LivingLosing weight may lower your risk of skin cancer

Losing weight may lower your risk of skin cancer

In Spain alone, there are already about 4,000 cases of melanoma a year, as the numbers have not stopped growing in the last 30 years. In countries like the United States, skin cancer is the most common form of cancer. In 2014 alone, there were almost 80,000 new cases, and by the end of 2018, it is estimated that there will be more than 90,000.

Understanding the risk factors behind each type of cancer is important to minimize risk for the general population. Obesity is known to be a risk factor for many types of cancer, including endometrial, liver, kidney, colorectal, and pancreatic cancer.

Now, a team of researchers led by Magdalena Taube, from the University of Gothenburg (Sweden), set out to investigate in more detail the role of obesity in the risk of melanoma, a rapidly growing form of skin cancer. They have presented their findings at the European Congress on Obesity, which was held in Vienna, Austria.

Obesity and melanoma

Previous research concluded that obesity increases both the risk and growth rate of melanoma. In the recent study, however, the researchers wanted to know if losing weight would produce the opposite and therefore positive effect: if it would reduce the level of risk of skin cancer.

To examine the link between obesity, weight loss, and melanoma, they took data from the Swedish Obese Subjects study, a project created to monitor the results of bariatric surgery compared to individuals using conventional obesity treatments.

The participants were more than 2,000 people who underwent obesity surgery and a similar number of control participants with whom they compared a wide variety of parameters, including age, sex, body measurements, personality traits and factors. cardiovascular risk.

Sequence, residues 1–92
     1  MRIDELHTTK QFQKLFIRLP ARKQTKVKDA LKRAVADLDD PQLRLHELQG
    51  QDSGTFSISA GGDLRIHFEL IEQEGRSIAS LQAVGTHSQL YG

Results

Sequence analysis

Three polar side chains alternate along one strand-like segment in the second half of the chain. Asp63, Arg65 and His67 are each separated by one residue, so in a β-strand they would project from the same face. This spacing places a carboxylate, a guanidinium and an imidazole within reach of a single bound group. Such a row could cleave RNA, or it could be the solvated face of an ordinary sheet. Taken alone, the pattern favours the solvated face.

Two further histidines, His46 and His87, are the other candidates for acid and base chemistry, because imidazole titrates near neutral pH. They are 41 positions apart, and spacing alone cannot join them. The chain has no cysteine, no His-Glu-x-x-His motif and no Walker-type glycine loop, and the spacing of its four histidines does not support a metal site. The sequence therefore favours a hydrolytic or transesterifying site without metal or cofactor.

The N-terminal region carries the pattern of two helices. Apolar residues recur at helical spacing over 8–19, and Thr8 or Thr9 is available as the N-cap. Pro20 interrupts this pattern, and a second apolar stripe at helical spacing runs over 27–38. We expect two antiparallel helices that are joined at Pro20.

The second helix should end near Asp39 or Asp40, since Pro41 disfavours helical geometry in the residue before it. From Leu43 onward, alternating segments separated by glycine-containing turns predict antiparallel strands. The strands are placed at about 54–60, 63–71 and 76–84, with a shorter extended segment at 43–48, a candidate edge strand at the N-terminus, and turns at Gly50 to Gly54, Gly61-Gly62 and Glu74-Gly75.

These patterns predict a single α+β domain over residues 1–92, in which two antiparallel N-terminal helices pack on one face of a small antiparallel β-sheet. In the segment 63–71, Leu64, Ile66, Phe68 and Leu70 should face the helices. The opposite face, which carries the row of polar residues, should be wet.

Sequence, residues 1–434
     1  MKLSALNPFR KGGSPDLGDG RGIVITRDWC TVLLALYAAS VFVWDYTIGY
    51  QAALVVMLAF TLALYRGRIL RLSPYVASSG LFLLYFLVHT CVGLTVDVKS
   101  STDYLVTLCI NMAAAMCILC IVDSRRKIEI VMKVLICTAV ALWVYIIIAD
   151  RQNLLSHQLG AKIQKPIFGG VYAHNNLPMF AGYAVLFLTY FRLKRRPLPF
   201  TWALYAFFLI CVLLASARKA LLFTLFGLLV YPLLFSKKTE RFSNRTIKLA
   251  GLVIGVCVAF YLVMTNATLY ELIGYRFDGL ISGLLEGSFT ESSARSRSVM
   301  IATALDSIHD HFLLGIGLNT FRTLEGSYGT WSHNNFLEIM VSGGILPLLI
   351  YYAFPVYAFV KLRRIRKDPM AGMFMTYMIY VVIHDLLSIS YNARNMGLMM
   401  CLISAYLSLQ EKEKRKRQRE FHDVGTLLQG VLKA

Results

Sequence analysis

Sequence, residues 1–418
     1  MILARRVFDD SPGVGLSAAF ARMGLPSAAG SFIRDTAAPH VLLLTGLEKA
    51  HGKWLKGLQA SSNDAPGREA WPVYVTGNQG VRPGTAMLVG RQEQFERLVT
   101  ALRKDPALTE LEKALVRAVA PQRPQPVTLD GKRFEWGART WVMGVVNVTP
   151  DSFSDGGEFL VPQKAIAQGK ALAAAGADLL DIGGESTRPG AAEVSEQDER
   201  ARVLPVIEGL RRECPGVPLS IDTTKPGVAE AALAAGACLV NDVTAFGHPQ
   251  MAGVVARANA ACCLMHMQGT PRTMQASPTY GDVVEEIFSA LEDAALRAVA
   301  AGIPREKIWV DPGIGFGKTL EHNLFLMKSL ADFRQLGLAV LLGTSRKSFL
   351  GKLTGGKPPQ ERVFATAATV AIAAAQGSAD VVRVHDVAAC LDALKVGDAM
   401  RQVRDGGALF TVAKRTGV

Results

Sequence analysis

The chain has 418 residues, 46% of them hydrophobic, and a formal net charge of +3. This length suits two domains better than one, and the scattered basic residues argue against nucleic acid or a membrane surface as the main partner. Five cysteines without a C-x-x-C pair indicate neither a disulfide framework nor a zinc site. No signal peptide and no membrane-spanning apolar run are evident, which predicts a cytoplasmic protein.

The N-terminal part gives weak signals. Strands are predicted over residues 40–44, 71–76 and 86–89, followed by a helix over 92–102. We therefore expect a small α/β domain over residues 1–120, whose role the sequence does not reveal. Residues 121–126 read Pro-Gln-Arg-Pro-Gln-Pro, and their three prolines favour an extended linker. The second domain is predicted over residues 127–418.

Their analysis showed that those who had undergone surgery had a significantly lower risk of developing melanoma over the next 18 years.


A 61% risk reduction

In fact, compared to the control group, the operated individuals saw a 61% decrease in their risk of developing malignant melanoma, and a 42% lower risk of all types of skin cancer.

“In this long-term study, bariatric surgery reduced the risk of malignant melanoma. This finding supports the idea that obesity is a risk factor for melanoma and indicates that weight loss in obese individuals may reduce the risk of a lethal form of cancer that has risen steadily in many countries for several decades, “the authors state.

The link between skin cancer and obesity is somewhat surprising, and more studies will be needed to find out exactly why this effect occurs. The findings mark another worrisome health risk associated with obesity, but they also offer a potential route to reduce the dangers.

Reference: Magdalena Taube, University of Gothenburg (Sweden). European Obesity Congress in Vienna (Austria).

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